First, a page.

By Shane McCauley
The governor of Puerto Rico, Ricardo Rossello, stated on Twitter that Puerto Rico has not been able to spend “a single dollar of the money already appropriated by Congress.” In a related tweet, Rossello went on to plead that “[Puerto Rico] is home to over 3 million proud Americans that are still recovering from the storm and are in need of federal assistance. We are not your adversaries, we are your citizens.”
Since 2017, Puerto Rico has needed aid in the form of money to help its citizens in the aftermath of Hurricane Maria. Recently in January 2019, it was supposed to receive more aid, but this has since been delayed due to the government shutdown. President Donald Trump claims that the island has received 91 billion dollars in the form of aid, but this was just a misrepresentation of the amount the island stated it needed in November. Instead, a White House official confirmed that the government only gave 40 billion dollars to Puerto Rico, which is far from enough. Most of that 40 billion has not reached Puerto Rico because many forms need to be signed in order to allocate the money, and because the government shutdown delayed the process. The only money that Puerto Rico has been able to use from the government so far is 3.7 billion that was sent in the direct aftermath of Hurricane Maria. Otherwise, most money that has been allocated to the territory has not made its way there.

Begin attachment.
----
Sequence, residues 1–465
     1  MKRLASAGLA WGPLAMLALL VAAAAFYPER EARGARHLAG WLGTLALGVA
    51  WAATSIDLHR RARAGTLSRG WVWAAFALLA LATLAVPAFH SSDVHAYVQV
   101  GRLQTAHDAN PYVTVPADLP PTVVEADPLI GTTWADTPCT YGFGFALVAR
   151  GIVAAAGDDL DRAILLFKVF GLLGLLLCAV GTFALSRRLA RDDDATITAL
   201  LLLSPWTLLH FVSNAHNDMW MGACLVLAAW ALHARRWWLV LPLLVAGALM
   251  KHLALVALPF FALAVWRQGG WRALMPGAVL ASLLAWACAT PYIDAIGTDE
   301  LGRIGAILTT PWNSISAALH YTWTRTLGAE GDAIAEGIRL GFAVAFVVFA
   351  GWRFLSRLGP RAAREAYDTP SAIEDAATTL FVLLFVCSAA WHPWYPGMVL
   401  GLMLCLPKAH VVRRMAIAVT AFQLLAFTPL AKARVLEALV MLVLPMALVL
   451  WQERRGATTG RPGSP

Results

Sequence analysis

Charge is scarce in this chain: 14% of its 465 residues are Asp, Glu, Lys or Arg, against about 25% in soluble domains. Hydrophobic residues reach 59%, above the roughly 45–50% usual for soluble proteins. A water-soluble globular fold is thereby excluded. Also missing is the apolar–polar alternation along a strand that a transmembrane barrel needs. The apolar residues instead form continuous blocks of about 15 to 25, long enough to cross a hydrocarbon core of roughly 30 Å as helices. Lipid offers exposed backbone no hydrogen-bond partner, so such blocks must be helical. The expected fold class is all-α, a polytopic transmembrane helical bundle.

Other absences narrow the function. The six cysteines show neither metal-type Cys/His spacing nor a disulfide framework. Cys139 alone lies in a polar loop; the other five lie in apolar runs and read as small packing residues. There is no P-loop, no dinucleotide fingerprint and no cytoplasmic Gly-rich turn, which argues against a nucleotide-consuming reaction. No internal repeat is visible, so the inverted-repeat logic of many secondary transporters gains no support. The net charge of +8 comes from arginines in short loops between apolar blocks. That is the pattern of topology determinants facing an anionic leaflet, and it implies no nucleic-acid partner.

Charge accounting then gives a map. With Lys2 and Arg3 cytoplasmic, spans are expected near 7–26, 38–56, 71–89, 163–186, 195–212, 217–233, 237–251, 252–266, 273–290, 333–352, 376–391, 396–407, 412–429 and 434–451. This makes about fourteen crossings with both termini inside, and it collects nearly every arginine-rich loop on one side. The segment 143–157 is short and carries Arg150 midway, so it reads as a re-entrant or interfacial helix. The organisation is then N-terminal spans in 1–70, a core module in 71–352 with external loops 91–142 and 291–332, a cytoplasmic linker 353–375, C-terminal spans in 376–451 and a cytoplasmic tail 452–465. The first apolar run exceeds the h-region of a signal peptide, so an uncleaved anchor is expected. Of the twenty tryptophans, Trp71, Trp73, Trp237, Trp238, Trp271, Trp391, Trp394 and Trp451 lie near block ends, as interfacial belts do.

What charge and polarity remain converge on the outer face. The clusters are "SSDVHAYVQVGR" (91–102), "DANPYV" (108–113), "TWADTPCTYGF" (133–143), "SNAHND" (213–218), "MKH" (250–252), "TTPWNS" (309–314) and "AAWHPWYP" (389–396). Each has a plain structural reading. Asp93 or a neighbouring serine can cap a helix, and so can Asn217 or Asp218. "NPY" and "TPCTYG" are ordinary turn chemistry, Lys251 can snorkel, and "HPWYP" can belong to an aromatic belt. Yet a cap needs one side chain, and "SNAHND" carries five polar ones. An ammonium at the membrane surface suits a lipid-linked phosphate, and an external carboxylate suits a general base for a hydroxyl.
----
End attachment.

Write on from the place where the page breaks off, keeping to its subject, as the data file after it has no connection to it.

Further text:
Because the Senate’s version of the Puerto Rico aid package is not reaching the island and includes less benefits, Rossello reported on Twitter for his citizens to support the House’s version of the aid package. It includes more benefits for Puerto Rico itself; however, the Senate has stated that the House’s package did not provide enough funds for midwestern states experiencing floods. The main reason President Trump and the government are not being cooperative about sending Puerto Rico money is because he believes that the territory is using the money to pay off its debt, which is at about 72 billion. However, representatives of Puerto Rico have never stated this and any attempt to do this would have to be approved by the Congress.